Nobody wants to gain a reputation for being that person who begins telling a story just for it to peter off without actually going anywhere. Well, the same goes for digital content. A natural impulse when you begin writing is to start at the top – it makes sense, in a traditional sense. But, for content to really deliver the message you want it to, it can be more effective to turn tradition on its head and start by thinking about the end. The rest will simply slot in around it.
Here’s why you should begin your writing with the conclusion in mind and how you can go about doing this effectively.
Good content can achieve a lot of goals, including nurturing prospects, inspiring readers to take action, building brand awareness, earning links or ranking for keywords in the SERPs. And while your content marketing strategy as a whole can target multiple goals, a big mistake you can make is to attempt to hit all of these with one single piece of content.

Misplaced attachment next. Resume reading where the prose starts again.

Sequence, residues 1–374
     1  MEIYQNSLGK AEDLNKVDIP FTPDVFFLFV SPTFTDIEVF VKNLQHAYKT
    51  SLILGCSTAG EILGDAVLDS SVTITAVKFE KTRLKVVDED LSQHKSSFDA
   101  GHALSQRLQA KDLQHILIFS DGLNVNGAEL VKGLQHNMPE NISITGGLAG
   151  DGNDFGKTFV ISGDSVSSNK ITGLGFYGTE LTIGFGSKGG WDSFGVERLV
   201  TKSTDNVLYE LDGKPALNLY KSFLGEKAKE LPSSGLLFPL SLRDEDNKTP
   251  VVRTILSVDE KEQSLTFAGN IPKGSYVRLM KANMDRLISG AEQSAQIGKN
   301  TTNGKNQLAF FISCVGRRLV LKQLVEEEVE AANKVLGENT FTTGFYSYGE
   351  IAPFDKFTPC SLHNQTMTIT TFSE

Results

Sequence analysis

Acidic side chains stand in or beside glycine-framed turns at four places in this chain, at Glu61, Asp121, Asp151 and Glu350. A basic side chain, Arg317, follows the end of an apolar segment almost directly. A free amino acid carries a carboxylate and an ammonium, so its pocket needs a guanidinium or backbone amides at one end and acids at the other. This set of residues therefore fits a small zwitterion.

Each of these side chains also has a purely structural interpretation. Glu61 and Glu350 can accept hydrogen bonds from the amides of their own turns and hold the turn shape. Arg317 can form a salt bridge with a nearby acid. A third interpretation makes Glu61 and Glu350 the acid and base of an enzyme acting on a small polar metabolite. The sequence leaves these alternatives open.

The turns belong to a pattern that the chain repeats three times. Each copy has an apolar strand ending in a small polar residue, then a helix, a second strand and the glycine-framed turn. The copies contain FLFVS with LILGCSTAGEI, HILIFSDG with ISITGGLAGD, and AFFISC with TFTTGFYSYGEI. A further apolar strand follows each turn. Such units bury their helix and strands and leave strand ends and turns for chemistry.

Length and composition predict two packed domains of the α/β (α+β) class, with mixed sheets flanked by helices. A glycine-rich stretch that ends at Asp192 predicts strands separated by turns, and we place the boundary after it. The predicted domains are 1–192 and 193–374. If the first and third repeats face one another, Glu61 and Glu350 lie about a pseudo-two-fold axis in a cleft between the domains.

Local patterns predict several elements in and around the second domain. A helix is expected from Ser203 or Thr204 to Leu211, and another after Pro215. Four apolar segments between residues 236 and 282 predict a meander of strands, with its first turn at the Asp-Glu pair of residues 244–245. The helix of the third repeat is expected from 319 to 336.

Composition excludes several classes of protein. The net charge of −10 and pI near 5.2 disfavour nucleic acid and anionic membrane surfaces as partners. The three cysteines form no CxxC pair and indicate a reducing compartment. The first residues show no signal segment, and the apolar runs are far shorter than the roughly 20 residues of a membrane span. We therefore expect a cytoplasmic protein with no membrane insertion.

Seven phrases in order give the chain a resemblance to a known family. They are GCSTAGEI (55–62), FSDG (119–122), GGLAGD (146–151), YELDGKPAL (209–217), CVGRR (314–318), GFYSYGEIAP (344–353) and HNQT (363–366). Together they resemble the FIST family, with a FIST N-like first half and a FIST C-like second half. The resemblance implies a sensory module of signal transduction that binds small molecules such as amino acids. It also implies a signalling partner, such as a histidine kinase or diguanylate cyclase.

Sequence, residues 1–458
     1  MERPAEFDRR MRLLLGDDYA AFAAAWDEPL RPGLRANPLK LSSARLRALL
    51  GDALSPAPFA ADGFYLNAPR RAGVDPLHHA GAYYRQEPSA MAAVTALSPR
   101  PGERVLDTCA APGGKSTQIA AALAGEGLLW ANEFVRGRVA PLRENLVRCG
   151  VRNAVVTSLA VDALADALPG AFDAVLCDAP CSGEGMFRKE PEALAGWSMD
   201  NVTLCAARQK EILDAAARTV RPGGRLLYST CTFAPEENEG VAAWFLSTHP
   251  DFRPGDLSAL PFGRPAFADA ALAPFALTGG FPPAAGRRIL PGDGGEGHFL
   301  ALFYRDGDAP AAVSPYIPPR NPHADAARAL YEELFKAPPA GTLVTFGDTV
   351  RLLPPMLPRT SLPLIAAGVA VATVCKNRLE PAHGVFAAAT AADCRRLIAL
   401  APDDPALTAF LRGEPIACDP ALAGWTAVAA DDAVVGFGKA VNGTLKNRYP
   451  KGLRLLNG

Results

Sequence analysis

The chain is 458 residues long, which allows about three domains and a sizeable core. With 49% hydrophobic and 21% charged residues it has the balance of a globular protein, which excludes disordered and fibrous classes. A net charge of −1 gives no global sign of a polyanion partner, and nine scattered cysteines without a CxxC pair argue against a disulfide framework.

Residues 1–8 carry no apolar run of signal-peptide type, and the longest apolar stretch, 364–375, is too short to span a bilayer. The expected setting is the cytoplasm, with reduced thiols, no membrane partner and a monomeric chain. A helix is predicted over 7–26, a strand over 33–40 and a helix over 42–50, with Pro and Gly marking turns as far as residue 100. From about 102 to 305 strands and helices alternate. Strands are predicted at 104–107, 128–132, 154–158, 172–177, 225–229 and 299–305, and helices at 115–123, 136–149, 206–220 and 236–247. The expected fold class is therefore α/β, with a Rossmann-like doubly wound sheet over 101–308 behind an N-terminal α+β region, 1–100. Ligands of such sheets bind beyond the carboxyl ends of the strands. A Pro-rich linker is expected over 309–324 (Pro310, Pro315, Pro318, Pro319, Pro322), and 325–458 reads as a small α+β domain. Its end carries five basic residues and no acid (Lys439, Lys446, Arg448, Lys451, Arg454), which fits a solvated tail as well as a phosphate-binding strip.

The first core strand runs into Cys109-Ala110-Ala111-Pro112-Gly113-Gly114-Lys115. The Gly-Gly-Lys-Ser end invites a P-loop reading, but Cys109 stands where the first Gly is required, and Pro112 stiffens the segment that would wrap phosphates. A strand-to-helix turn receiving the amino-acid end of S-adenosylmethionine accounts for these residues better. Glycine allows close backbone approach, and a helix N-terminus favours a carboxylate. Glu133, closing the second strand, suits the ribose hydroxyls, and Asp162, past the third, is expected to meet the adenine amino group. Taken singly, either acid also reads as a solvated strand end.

Instead, choose one or two goals that you want to target - this will give your content much more focus and direction.
If, for example, you want to earn links, you will want to produce “story-first” content that other publications are likely to cover. Surveys, interactive tools, infographics and expert contributions are popular linkable formats.
To rank better in the SERPs and earn traffic from organic search, however, the content must deliver exactly what the audience is searching for. For example, if you’ve conducted keyword research and have identified a longtail query, the content must answer this query as thoroughly as possible. This could be done on the format of a keyword-rich and informative blog or an FAQ piece.
Now that you’ve identified the purpose of the content, you can decide on the story you want to tell and the conclusion you want your audience to take away. This will form the foundation of the content, on which you can build the remaining copy. By planning your content in such a way, it will help you to focus and guide your copy to tell the intended story or inspire the intended action.
Ideally, you’ll have the time to let your first draft rest after you’ve completed it, so you can revisit it the next day with fresh eyes.
When you read it back, consider the goals and takeaways that you identified at the beginning. Does the content have the desired effect? Does it meet its goals? If the answer is no, you have the opportunity to go back and shape it some more. If the answer is yes – fantastic, the job is done!
By defining your goals from the very beginning and following this process, you’ll be able to create content that engages the audience and serves its purpose without drifting off course. Planning makes perfect!